A study released on Friday 5 October calls previous assumptions over the positive environmental impact of electric cars into question.
The study, conducted by Norwegian scientists and published in The Journal of Industrial Ecology, reports that the environmental cost or “global warming potential” (GWP), of producing electric cars is twice as expensive as the environmental cost of producing traditional fossil fuel vehicles.
According to the study, evaluations of electric cars based just on fuel efficiency “miss key differences.”
Ironically, this negative GWP is caused many times by the components that give electric cars their environmental edge.
For example, the batteries that power electric cars are made out from toxic minerals like nickel, copper, and aluminium, the production of which can contaminate soil and drinking water.
The study notes that while electric cars are more fuel efficient than traditional cars, this perceived benefit is practically moot with electricity produced in areas that draw power primarily from coal or oil.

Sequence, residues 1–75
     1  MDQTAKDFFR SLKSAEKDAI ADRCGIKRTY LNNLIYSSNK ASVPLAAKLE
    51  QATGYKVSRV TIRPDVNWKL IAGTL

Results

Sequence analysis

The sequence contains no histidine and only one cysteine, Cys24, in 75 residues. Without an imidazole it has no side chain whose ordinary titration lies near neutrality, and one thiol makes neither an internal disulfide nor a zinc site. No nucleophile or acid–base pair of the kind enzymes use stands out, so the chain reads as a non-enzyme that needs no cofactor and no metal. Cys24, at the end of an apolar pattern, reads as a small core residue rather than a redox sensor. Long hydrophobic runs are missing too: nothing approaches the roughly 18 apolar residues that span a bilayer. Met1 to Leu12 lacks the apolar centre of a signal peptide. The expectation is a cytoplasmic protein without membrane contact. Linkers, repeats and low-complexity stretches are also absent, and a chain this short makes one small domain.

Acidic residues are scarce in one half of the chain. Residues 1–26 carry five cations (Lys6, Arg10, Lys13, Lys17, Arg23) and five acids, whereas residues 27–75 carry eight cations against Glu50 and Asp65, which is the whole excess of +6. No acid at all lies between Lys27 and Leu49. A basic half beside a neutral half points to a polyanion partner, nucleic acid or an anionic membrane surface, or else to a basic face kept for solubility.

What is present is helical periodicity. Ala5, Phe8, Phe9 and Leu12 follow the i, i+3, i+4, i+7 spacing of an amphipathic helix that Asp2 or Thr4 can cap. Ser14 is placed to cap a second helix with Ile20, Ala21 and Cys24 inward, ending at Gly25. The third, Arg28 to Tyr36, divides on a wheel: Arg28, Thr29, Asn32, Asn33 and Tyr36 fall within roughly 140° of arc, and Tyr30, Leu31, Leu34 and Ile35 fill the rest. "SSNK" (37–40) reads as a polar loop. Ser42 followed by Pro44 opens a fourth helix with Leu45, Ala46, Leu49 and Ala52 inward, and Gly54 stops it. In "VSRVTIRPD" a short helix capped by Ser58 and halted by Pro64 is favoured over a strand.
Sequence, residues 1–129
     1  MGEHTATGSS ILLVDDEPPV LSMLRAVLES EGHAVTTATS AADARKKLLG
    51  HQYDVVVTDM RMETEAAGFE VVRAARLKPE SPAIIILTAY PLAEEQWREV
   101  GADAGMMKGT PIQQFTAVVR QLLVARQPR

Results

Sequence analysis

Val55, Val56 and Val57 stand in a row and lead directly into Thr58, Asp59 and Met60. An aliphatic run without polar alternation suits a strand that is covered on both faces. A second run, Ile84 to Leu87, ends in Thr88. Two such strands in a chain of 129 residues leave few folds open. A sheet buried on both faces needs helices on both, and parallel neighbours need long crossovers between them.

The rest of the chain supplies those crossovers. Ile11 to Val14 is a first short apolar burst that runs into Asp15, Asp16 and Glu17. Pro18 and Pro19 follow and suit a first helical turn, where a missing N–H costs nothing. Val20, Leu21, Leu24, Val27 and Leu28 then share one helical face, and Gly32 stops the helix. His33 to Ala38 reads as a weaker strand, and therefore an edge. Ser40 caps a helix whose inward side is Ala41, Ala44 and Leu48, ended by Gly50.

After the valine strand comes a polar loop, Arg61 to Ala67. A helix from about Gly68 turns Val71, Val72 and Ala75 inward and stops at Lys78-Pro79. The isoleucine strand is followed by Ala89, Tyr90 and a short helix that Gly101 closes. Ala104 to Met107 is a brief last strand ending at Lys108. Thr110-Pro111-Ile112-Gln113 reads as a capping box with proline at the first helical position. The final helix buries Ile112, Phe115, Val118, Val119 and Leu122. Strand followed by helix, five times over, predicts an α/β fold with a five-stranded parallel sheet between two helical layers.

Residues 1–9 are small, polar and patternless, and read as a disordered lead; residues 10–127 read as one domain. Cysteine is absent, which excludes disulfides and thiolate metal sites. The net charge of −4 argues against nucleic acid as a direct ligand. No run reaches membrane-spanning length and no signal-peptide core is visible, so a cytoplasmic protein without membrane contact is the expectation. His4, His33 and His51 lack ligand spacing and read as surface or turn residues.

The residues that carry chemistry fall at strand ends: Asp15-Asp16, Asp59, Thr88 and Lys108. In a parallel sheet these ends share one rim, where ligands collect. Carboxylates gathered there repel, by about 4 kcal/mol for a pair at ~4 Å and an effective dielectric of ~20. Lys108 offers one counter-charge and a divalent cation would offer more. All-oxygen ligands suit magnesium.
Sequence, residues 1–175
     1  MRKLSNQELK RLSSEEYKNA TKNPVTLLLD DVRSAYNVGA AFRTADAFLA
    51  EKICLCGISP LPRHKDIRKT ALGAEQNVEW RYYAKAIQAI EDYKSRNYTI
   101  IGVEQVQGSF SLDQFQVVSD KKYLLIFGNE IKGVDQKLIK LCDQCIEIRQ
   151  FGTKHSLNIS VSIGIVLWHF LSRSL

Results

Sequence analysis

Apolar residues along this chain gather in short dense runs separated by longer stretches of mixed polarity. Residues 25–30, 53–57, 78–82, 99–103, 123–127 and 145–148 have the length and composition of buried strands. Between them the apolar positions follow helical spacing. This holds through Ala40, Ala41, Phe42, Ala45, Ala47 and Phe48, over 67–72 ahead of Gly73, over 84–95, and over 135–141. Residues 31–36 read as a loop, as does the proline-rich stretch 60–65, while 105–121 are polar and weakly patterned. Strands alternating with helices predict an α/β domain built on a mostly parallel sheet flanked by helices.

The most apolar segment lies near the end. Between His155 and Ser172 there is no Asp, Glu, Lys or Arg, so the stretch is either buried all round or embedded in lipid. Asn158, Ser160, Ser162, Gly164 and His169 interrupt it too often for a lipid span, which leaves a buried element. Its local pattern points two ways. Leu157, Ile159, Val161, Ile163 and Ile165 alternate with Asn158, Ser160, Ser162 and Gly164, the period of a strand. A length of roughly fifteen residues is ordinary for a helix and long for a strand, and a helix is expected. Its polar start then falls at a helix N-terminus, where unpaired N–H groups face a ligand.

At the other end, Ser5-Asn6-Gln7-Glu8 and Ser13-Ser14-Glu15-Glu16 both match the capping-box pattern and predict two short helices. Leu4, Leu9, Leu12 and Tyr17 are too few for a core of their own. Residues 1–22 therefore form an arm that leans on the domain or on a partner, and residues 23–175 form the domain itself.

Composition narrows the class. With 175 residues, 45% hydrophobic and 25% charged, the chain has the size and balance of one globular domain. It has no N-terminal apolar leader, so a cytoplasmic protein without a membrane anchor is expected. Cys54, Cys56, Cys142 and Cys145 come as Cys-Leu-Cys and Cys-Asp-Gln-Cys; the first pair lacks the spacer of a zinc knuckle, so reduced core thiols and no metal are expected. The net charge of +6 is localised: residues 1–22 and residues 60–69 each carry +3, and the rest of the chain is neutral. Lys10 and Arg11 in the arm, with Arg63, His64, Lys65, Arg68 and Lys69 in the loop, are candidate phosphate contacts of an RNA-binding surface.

Electric cars’ popularity increased significantly in the past decade, largely due to their perceived positive GWP. They also cost less in the long run, reports The Guardian in an article released last month.
That is, providing that one can afford the upfront cost of the vehicles, about £30,000 for the 2012 Vauxhall Ampera. Finding places and the time to charge electric cars also present concerns.
Despite these negative effects, emphasis is put on the positive impact that the very idea of electric cars gives the environment.
The study highlights that “[electric cars] are an important technological breakthrough”. The GWP of electric cars will decrease as the infrastructure used in their manufacture improves.
Until then, there is a possibility that a more significant reduction in GWP would be achieved by changing from petrol to diesel vehicles rather than making the jump to electric.